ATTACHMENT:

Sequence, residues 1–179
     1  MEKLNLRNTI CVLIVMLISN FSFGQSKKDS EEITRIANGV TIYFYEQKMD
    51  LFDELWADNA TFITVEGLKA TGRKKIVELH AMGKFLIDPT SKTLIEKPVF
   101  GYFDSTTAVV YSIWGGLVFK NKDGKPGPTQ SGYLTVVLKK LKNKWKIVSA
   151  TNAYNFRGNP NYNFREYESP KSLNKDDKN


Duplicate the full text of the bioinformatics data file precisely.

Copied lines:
Sequence, residues 1–179
     1  MEKLNLRNTI CVLIVMLISN FSFGQSKKDS EEITRIANGV TIYFYEQKMD
    51  LFDELWADNA TFITVEGLKA TGRKKIVELH AMGKFLIDPT SKTLIEKPVF
   101  GYFDSTTAVV YSIWGGLVFK NKDGKPGPTQ SGYLTVVLKK LKNKWKIVSA
   151  TNAYNFRGNP NYNFREYESP KSLNKDDKN